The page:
This is where reviews by experts come in. The following table reports the overall ratings of the cameras as published by some of the major camera review sites (amateurphotographer [AP], cameralabs [CL], digitalcameraworld [DCW], dpreview [DPR], ephotozine [EPZ], photographyblog [PB]). As can be seen, the professional reviewers agree in many cases on the quality of different cameras, but sometimes their assessments diverge, reinforcing the earlier point that a camera decision is often a very personal choice.
|1.||Leica M10||4.5/5||..||..||..||4/5||4.5/5||Jan 2017||6,595||ebay.com|
|2.||Panasonic G1||..||+ +||..||70/100||4/5||4.5/5||Sep 2008||599||ebay.com|
|3.||Canon 1D X Mark II||..||..||4.5/5||89/100||4.5/5||4.5/5||Feb 2016||5,999||ebay.com|
|4.||Canon 80D||4/5||+ +||4.5/5||84/100||4.5/5||4.5/5||Feb 2016||1,199||ebay.com|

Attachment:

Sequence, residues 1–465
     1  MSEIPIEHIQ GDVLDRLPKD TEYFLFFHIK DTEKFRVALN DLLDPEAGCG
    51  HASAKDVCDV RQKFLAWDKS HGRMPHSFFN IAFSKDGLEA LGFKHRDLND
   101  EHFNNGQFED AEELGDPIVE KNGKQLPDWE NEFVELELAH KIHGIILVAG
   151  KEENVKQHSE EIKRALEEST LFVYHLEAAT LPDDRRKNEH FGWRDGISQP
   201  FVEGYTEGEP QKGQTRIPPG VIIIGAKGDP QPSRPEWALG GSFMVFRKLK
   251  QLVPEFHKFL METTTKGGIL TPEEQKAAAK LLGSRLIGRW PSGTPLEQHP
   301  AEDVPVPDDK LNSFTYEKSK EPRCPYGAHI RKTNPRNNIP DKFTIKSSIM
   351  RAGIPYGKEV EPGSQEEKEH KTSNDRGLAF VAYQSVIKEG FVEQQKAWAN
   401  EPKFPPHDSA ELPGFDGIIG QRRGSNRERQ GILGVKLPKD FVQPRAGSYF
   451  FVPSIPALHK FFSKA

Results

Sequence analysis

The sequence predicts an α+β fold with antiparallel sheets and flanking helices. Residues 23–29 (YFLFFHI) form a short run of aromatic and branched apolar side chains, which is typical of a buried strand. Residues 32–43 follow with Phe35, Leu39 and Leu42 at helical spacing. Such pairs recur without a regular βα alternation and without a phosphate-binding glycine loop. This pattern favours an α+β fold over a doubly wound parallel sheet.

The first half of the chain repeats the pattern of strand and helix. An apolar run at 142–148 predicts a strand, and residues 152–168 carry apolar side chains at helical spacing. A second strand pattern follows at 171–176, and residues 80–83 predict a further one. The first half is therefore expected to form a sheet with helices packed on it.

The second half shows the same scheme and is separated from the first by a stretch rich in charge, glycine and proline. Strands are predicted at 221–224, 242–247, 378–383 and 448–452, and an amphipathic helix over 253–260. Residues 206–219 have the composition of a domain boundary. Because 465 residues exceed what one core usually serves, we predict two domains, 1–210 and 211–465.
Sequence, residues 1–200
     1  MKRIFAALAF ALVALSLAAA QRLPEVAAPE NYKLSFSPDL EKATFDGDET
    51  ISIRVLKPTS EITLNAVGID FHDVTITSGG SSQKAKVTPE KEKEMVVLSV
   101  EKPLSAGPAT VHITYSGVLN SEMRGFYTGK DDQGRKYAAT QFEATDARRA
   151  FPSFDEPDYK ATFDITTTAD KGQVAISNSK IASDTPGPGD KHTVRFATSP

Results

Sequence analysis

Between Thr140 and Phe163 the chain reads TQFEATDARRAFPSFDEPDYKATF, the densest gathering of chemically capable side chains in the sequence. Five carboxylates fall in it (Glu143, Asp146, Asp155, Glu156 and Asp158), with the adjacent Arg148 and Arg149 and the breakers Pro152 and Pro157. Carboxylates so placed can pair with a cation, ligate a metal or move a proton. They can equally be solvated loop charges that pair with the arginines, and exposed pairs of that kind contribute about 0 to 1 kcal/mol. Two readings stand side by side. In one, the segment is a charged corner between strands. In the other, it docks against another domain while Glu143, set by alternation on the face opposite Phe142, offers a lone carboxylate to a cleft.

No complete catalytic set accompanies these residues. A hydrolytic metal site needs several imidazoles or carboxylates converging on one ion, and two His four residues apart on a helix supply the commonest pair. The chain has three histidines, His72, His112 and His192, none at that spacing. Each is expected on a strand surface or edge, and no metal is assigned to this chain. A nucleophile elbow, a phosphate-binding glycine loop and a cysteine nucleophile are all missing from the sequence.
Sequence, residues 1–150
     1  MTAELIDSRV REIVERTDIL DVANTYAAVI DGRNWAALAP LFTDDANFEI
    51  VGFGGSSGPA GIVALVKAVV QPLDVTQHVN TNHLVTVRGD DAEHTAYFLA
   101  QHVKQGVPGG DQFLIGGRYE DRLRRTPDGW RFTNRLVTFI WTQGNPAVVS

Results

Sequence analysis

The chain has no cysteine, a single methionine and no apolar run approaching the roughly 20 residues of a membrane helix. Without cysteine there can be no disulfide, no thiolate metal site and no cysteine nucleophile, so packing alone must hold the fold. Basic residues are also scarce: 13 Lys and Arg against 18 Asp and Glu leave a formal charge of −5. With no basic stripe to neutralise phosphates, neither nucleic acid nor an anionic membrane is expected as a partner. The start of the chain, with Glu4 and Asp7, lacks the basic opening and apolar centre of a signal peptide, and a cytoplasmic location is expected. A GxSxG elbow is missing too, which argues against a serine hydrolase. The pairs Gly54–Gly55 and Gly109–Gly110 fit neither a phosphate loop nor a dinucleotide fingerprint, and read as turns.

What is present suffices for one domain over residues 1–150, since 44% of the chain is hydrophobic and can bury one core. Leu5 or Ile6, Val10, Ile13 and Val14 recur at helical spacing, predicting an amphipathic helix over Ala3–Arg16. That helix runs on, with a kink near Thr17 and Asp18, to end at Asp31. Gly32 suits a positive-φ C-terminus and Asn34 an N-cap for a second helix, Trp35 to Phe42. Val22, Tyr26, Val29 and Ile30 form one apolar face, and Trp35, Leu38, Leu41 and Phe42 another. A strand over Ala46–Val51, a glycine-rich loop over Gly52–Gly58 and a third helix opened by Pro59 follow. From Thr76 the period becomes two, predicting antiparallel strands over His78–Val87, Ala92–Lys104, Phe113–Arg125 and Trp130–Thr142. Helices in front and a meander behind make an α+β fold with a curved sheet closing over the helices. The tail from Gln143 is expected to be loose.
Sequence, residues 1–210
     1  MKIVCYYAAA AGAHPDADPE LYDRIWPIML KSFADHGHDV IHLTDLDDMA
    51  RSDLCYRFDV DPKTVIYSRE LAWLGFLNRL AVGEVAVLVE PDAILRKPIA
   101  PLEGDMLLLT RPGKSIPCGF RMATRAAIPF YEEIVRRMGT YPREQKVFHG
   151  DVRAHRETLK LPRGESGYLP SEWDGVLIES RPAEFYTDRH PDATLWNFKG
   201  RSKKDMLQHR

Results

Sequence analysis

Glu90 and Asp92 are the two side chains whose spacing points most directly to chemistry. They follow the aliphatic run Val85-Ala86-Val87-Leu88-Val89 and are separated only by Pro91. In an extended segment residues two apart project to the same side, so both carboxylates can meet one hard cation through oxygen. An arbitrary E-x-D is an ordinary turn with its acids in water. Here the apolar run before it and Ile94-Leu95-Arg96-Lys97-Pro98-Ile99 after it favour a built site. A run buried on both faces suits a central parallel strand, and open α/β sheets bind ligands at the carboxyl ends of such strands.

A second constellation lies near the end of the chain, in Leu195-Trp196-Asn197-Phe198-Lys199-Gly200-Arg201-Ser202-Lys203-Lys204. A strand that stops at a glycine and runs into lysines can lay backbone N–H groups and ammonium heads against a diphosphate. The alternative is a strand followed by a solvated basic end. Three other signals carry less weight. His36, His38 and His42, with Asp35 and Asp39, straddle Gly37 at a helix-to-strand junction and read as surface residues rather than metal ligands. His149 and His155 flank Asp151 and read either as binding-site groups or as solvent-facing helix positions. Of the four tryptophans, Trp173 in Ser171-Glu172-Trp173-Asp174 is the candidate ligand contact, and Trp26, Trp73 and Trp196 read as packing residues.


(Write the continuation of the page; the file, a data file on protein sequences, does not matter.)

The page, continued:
|5.||Leica M11||4.5/5||..||4.5/5||..||4.5/5||4.5/5||Jan 2022||8,995||amazon.com|
|6.||Leica M10-P||..||..||3/5||..||..||4/5||Aug 2018||7,995||amazon.com|
|7.||Leica M Typ 262||..||..||..||..||..||..||Nov 2015||5,195||ebay.com|
|8.||Leica Q Typ 116||5/5||..||..||80/100||4.5/5||4.5/5||Jun 2015||4,249||ebay.com|
|9.||Leica M Typ 240||4/5||..||..||..||4/5||..||Sep 2012||6,950||ebay.com|
|10.||Leica M9||..||..||..||..||4.5/5||..||Sep 2009||7,999||ebay.com|
|11.||Leica M8||..||..||..||+ +||..||..||Sep 2006||5,499||ebay.com|
|12.||Nikon D5||..||..||4/5||89/100||4.5/5||5/5||Jan 2016||6,499||ebay.com|
|13.||Panasonic G10||3/5||..||..||70/100||4/5||4/5||Mar 2010||499||ebay.com|
|14.||Panasonic G2||..||..||..||72/100||4/5||4.5/5||Mar 2010||599||ebay.com|
|15.||Panasonic GF2||3/5||82/100||..||70/100||4.5/5||4.5/5||Nov 2010||549||ebay.com|